Ensuring equitable access to COVID-19 vaccines in contexts affected by conflict and insecurity

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  • UK proposes new Security Council Resolution for temporary ceasefires and co-ordinated action on equitable access to vaccines

  • UK urges coordinated effort to enable vaccine distribution and for the protection of humanitarian and health workers

Remarks by UK Foreign Secretary Dominic Raab at the UN Security Council

Your Excellencies,

I am very pleased and honoured to address this first ever Security Council meeting on vaccinations.

It is I think right that we bring the full weight of the Security Council and wider UN system to bear on ending this appalling pandemic.

The virus is still on the rise globally, with the emergence of new, more transmissible variants, which has itself driven increased transmission in most regions, I think it’s fair to say. But, with vaccines approved and being rolled out, we now have that opportunity to fight back.

At last, we can genuinely say that we see the light at the end of the tunnel, or at least a light that is drawing closer to us. But this has to be a global effort.

The pandemic isn’t under control anywhere until it’s under control everywhere. And we need to think of ourselves as a team working together against a common and very deadly enemy.

That is the reality of our struggle. No nation is truly safe until we are all safe.

In terms of what that means for us, I think it means have to work to secure access to vaccines around the world, including in the hardest to reach places, including places of conflict and other types of insecurity.

And at present, we know that more than 160 million people worldwide are at risk of being excluded from vaccinations because of instability and conflict.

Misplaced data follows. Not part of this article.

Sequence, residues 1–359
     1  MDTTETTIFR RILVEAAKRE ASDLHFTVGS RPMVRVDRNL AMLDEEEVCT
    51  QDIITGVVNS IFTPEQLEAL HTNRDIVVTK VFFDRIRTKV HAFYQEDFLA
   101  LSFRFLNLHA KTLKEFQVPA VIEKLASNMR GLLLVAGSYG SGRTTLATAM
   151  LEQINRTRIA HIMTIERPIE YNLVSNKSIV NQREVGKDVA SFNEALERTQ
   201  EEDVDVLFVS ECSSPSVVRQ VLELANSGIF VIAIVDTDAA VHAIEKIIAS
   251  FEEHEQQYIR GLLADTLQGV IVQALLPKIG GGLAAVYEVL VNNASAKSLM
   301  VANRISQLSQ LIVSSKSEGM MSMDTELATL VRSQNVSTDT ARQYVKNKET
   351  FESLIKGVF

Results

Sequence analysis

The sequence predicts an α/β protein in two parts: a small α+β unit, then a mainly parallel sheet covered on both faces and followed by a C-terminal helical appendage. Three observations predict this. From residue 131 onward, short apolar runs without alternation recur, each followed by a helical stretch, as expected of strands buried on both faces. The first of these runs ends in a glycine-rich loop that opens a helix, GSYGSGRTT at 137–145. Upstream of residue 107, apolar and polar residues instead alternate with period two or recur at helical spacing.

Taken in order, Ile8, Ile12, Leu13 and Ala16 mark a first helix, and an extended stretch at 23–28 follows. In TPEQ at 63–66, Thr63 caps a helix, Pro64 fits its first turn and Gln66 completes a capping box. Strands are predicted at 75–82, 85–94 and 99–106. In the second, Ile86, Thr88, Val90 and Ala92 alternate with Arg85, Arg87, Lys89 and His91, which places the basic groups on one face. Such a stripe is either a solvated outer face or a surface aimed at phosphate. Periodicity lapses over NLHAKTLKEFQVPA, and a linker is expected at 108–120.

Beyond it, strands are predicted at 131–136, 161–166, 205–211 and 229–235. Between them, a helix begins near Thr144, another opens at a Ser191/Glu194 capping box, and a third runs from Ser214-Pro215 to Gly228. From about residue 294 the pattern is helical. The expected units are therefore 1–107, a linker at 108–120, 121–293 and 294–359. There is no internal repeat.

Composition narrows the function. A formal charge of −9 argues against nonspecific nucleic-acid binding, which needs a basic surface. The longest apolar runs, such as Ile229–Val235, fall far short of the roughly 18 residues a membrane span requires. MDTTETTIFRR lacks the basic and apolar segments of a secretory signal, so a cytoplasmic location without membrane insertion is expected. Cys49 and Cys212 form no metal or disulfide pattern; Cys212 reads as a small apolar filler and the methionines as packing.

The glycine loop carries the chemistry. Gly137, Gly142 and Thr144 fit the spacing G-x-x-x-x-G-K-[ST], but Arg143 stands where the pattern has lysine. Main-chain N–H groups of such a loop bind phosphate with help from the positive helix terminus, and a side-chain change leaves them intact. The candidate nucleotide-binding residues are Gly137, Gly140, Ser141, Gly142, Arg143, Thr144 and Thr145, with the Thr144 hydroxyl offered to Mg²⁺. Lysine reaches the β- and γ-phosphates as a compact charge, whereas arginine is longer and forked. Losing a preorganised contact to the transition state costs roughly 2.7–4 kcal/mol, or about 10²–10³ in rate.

So we’ve got a real challenge meet the shortfalls in securing supplies, delivering vaccinations on the ground.

There are many challenges to achieving this – from securing comprehensive humanitarian access to managing vaccine storage.

Overcoming all of these challenges and the compound challenge they present will require greater national, regional and international cooperation and the UN playing a key coordinating role as we bring those efforts together.

Local ceasefires are essential to enable life-saving vaccinations to take place. And they are essential to protect the brave health workers and humanitarian workers working in incredibly challenging conditions in conflict zones who are striving to deliver that help, that vital lifesaving help to those who need it most.

Ceasefires have been used to vaccinate the most vulnerable communities in the past. There is no reason we can’t do this. There’s no reason why we can’t, with the will that we can muster, come together to overcome the challenges. We have seen it in the past to deliver Polio vaccines to children in Afghanistan, just to take one example.

Likewise, the suspension or postponement of routine non-COVID vaccination campaigns during the pandemic I think is another grave concern for all of us. The rollout of COVID vaccines shouldn’t displace those programmes. They have to go hand in hand.

On 1 July last year, the Security Council adopted Resolution 2532 on fighting COVID-19 in the most vulnerable countries. Further action is needed now by the Council to call for ceasefires specifically to enable COVID vaccines to be carried out in those areas so badly affected by conflict.

That’s why we are proposing a new Resolution for the Council’s consideration.

The COVAX Facility is due to start rolling out vaccines this month. We were proud to host its launch at the Global Vaccine Summit last June – and we’re proud to be one of Gavi’s largest donors. We will continue to keep up that support.

By calling for vaccination ceasefires – and by calling for COVID-19 vaccination plans to include all high-risk populations, including refugees – this Resolution and this Council really has an opportunity help get vaccines distributed to the most vulnerable communities across the planet.

It would help ensure full access for humanitarian and medical personnel. It would help protect them as they go about their challenging work.

So I would just close my remarks on behalf of UK by urging all members of the Security Council to support the swift and full adoption of this Resolution.

Our scientists have done incredible work in developing the vaccine.

We must work together now to get those vaccines to the most hard to reach communities. And those most vulnerable in those hard to reach communities.

We cannot turn away while those in conflict zones are denied this essential, critical protection from the virus.

We in this This Council have an opportunity – and I believe we have a moral duty – to act.

Thank you.

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